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State Parks In Danger After Tourism Department’s $16 Million Budget Cut

Jun 11, 2015

The $7.1 billion state budget Governor Mary Fallin signed in June 2015 included deep cuts to the Oklahoma Department of Tourism and Recreation — the agency that runs the state park system. That could mean some parks will have to be closed or transferred to new operators, and some eastern Oklahoma lawmakers are fuming.

Generally, these parks aren’t big money makers for the state. Lake Thunderbird State Park near Norman is one of the most expensive parks the state runs. A little more than half a million people visited the park in 2013, and the park brought in about half a million dollars. But it cost $1.2 million to run. State funding makes up the difference, and that’s one reason why people who enjoy state parks in Oklahoma might be worried.

Lake Thunderbird isn’t likely to close, even though the state loses money on it. It’s well attended and the only state park in the Oklahoma City metro. But these are uncertain times at the Tourism Department.

“The executive director and the chief financial officer have been meeting everyday, and have been working on a budget everyday, and it’s still being worked on is all I can say,” says Claudia Conner, deputy director of the Oklahoma Department of Tourism and Recreation..

Conner says the 5 percent cut to the agency’s funding from the legislature only tells part of the story.

“That’s only part of the cut, which is approximately $1 million,” Conner says. “There were also cuts to apportionment of $7.8 million, and some of the Tourism funds were swept, so to speak, at $7.5 million.”

She’s talking about reductions in the amount of use and sales tax money that’s set aside for tourism, and cuts to two of the agency’s revolving funds that usually pay for park maintenance and travel promotion. When you add it all up, the agency is losing more than $16 million.

“Which is on top of approximately 26 percent cuts that have happened in the past several years,” she says.

That’s not even considering the cost of repairing all the recent flood damage at several parks. Since 2011, budget cuts have forced the Department of Tourism to stop funding parks and transfer them to new owners. State Rep. Johnny Tadlock, D-Idabel, sits on the House Tourism Committee, and predicts more parks will be offloaded.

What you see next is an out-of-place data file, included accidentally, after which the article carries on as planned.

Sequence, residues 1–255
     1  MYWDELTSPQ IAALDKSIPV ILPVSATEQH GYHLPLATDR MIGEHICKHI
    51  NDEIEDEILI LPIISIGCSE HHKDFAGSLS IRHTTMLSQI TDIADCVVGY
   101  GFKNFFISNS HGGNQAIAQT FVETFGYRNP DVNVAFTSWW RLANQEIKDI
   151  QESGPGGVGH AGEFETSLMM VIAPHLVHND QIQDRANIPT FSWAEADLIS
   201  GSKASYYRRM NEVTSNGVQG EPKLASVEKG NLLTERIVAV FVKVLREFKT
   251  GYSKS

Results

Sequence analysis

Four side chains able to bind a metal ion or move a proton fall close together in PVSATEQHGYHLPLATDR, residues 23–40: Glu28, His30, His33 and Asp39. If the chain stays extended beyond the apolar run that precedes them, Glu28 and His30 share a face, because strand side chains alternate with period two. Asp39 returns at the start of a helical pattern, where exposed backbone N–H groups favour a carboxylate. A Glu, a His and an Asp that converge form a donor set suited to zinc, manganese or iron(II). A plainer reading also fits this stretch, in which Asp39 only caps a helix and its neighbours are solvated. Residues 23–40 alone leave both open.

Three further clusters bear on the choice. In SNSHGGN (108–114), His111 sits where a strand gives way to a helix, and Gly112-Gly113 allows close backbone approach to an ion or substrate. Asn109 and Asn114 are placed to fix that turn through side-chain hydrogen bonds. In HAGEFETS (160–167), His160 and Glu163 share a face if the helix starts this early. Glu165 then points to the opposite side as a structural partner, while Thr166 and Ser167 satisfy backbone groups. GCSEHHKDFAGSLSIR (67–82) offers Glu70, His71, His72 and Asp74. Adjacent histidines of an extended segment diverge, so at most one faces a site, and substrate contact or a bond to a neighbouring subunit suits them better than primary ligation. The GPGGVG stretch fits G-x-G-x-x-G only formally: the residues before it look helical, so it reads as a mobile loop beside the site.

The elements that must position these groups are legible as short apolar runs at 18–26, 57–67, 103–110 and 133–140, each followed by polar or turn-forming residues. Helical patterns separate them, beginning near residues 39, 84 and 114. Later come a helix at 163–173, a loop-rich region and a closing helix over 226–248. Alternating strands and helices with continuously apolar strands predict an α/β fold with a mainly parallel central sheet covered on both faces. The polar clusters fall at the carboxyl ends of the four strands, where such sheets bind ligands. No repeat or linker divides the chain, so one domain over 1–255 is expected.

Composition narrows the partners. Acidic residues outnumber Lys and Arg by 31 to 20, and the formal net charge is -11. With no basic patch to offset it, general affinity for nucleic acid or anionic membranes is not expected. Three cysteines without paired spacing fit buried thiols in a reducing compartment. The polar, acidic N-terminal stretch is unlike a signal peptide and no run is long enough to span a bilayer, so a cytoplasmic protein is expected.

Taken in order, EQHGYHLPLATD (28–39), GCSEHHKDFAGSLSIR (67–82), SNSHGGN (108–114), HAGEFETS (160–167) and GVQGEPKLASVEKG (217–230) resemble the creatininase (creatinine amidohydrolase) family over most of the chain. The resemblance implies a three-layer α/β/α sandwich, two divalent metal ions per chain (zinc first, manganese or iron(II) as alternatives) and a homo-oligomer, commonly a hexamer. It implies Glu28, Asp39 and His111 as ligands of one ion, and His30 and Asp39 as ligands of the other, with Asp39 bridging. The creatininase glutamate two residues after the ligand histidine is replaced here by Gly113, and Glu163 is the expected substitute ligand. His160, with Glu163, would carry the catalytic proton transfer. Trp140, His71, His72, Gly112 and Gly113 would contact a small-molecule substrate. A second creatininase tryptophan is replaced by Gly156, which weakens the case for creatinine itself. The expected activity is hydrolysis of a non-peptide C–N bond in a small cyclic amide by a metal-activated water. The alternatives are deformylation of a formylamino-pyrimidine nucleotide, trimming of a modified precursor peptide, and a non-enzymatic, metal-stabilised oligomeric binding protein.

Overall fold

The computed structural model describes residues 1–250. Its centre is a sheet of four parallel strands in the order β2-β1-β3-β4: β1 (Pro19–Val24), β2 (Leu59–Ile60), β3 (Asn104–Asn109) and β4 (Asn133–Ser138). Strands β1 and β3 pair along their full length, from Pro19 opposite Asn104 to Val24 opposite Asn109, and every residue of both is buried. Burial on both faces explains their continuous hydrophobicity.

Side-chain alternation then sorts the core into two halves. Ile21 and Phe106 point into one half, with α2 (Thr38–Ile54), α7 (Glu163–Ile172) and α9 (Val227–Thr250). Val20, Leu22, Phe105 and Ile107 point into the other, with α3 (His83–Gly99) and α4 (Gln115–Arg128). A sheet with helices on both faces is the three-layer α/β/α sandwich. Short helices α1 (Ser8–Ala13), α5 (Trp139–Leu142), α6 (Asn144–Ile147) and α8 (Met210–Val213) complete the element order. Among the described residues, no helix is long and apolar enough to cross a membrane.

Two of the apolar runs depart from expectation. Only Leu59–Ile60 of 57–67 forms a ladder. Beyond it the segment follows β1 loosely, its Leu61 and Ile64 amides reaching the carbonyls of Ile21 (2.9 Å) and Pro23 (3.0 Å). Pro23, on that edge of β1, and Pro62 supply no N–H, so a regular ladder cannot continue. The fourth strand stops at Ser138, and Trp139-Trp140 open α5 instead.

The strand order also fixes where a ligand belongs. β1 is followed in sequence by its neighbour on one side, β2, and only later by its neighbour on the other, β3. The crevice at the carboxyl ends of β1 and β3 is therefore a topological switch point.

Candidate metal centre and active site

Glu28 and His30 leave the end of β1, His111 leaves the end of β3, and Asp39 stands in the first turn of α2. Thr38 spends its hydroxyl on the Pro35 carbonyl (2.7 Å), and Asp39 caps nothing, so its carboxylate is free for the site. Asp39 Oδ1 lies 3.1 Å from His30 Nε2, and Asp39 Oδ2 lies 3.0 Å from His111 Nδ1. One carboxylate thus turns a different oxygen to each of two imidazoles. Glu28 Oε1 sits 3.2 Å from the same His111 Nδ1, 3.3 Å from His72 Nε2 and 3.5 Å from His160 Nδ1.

The word 'state' has been removed from Brushy Lake Park's entrance sign. The park, near Sallisaw, Okla., was transferred to the city's control in 2011.Credit Logan Layden / StateImpact OklahomaEdit | Remove

“How are they going to sustain those sort of cuts?” Tadlock asks. “It doesn’t take some big economist to, kind of, put the pencil to that and figure it out. How are they going to keep running, you know? They’re not.”

Tadlock voted against the budget bill this year, and so did Rep. Brian Renegar, D-McAlester. He has harsh words for the Tourism Department under Gov. Fallin, and specifically, Deby Snodgrass, who Fallin appointed as director of the agency in 2011, and secretary of commerce and tourism earlier this year.

“She’d been a bean counter for an oil company in her previous life,” Renegar says. “And she thinks for some reason that our parks should make money, and that’s not what they were built for. State parks were built to stimulate economic development in the rural areas.”

There are definitely two different philosophies on parks. But while the number of parks has shrunk during Snodgrass’ tenure at Tourism, Claudia Conner says there’s no conspiracy to shut down the system in the name of smaller government.

“I find that odd, because the parks that were transferred, not closed, were on Governor Brad Henry’s list of — in his budget book, prior to this administration — parks that should be considered for closure,” Conner says. “So, I don’t understand that reasoning.”

But park philosophies aside, the big question now is which parks — if any — the state agency might shed because of the most recent cuts to its budget, which go into effect on July 1.

“I can’t tell you right now what’s going to happen in the future,” Conner says. “It wasn’t until less than a month ago — just a couple of weeks ago — that we got the information about the exact budget cut.”

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